Published On: Tue, Dec 22nd, 2015

Oklahoma tourist drowns in Cancun

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CANCUN — An American tourist from Oklahoma has drowned in Cancun, authorities reported Tuesday Dec. 22.

About 10:25 a.m. Tuesday, authorities received a report of a dead body on Gaviota Beach, located at kilometer 9.5 in Cancun’s hotel zone.

According to Cancun’s Municipal Secretary of Public Safety and Transit, the American tourist died from drowning in the resort’s beach area.

The dead man, identified as Luis N, 41, was staying in a local condominium along with his wife, Shana N, who requested help from authorities after realizing that her husband was dead.

An American tourist drowned Tuesday Dec. 22 in Cancun. (Photo:

An American tourist drowned Tuesday Dec. 22 in Cancun. (Photo:

The Forensic Medical Service (SEMEFO) arrived at the scene to pick up the body and later conduct an autopsy.


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  1. Ben says:

    To anyone going to Cancun, since maybe hurricane Wilma, the southern beach of Cancun seems quite different than before. At times, when the red flags are up there are very strong currents that will pull a person away from the shore, and parallel to the shore. I found this out the hard way, about five years ago. I ignored the red flags, went into the water, and swam around for probably less than one minute. When I went to put my feet down, I could not touch the bottom. So, I tried to swim in. To my horror, I could not swim in, because the current was pulling me out. In a panic I became to swim as hard as possible, towards the shore. (Imagine sprinting as hard as you possibly can, for just a minute, or two.) Eventually, my arms became so tired that I could barely lift them. Trying to lift my arms felt like trying to lift fifty pound weights, due to fatigue. That is when the real horror set in. How can you swim, if you cannot lift your arms? Suddenly, I understood why people drown. I realized that I – a presumably good swimmer – could become another statistic. No longer having power left to swim, I began to asses the situation. I realized that every thirty seconds a swell rolled through. I realized that the only chance I had was to try to catch the swells. So, I floated face first, and waited for a swell. With each swell, I used my arms to try to propel myself forwards, a little bit. Once the swell passed, I just floated. I did this over and over again, until I reached a point where I could touch the bottom. By trying to swim a few strokes with each swell, I was finally able to make my way to the shore. Upon coming out of the water, I was so overcome with exhaustion that I could not walk upright. I felt like collapsing. Afterwards, the muscles of my back, arms, shoulders, etc, were sore for several days. Here are the mistakes I made. A. I disregarded the red flags, in an area that now has horrible riptides. B. I was overconfident. C. I tried to swim directly back in to shore, whereas I should have swam parallel to the shore. D. I swam in panic mode, which is like sprinting all out for 400 meters, and then having nothing left for the “marathon”. E. I ignored signs of highly turbulent water. Since this happened, I have seen others die at the beach, in Cancun. And, I am pretty sure that others drowned for the same reasons that I almost drowned. Also, I do not believe that this was a problem, prior to Hurricane Wilma. But, since Wilma, the currents have changed quite a bit.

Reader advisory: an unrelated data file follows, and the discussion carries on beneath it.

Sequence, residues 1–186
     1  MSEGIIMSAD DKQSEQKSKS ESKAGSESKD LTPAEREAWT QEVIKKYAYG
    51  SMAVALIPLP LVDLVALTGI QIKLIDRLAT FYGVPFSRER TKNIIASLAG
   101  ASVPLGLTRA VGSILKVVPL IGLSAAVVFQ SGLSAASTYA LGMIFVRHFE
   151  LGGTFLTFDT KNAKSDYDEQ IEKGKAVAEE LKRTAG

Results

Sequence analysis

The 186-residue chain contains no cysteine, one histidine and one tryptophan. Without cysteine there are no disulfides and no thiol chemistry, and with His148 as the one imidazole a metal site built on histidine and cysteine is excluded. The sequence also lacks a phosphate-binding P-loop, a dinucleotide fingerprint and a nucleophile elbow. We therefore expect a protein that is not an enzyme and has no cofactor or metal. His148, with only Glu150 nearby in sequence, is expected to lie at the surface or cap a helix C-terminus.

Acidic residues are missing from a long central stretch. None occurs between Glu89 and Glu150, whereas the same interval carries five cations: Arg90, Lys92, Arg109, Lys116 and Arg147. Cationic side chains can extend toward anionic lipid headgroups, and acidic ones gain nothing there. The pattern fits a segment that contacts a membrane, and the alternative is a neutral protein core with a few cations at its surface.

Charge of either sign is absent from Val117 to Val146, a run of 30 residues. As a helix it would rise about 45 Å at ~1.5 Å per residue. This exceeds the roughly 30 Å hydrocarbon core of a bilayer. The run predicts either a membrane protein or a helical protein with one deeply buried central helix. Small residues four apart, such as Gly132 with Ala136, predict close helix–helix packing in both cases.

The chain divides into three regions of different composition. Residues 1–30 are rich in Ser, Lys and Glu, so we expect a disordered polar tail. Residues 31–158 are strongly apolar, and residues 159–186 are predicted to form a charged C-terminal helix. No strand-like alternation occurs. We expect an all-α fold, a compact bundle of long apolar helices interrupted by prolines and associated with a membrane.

2. Tom says:

    Luis was a loving father, husband and friend. Please keep his family in your thoughts and prayers.

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